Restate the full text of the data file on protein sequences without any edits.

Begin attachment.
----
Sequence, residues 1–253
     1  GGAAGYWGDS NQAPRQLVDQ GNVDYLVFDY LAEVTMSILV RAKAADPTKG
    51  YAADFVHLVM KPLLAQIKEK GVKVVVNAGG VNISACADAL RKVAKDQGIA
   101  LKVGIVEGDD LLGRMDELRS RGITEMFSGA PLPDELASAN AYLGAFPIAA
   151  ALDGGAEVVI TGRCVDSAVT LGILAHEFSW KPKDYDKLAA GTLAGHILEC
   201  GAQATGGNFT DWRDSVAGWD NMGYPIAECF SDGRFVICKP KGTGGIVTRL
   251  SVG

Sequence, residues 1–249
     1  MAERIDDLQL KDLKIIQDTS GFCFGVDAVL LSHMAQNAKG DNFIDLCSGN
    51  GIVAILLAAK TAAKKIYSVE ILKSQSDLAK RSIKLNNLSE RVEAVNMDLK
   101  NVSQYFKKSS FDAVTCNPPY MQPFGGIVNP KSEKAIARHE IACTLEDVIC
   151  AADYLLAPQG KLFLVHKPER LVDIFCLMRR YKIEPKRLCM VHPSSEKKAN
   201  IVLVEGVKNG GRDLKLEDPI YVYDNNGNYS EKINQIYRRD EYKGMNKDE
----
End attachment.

Sequence, residues 1–253
     1  GGAAGYWGDS NQAPRQLVDQ GNVDYLVFDY LAEVTMSILV RAKAADPTKG
    51  YAADFVHLVM KPLLAQIKEK GVKVVVNAGG VNISACADAL RKVAKDQGIA
   101  LKVGIVEGDD LLGRMDELRS RGITEMFSGA PLPDELASAN AYLGAFPIAA
   151  ALDGGAEVVI TGRCVDSAVT LGILAHEFSW KPKDYDKLAA GTLAGHILEC
   201  GAQATGGNFT DWRDSVAGWD NMGYPIAECF SDGRFVICKP KGTGGIVTRL
   251  SVG

Sequence, residues 1–249
     1  MAERIDDLQL KDLKIIQDTS GFCFGVDAVL LSHMAQNAKG DNFIDLCSGN
    51  GIVAILLAAK TAAKKIYSVE ILKSQSDLAK RSIKLNNLSE RVEAVNMDLK
   101  NVSQYFKKSS FDAVTCNPPY MQPFGGIVNP KSEKAIARHE IACTLEDVIC
   151  AADYLLAPQG KLFLVHKPER LVDIFCLMRR YKIEPKRLCM VHPSSEKKAN
   201  IVLVEGVKNG GRDLKLEDPI YVYDNNGNYS EKINQIYRRD EYKGMNKDE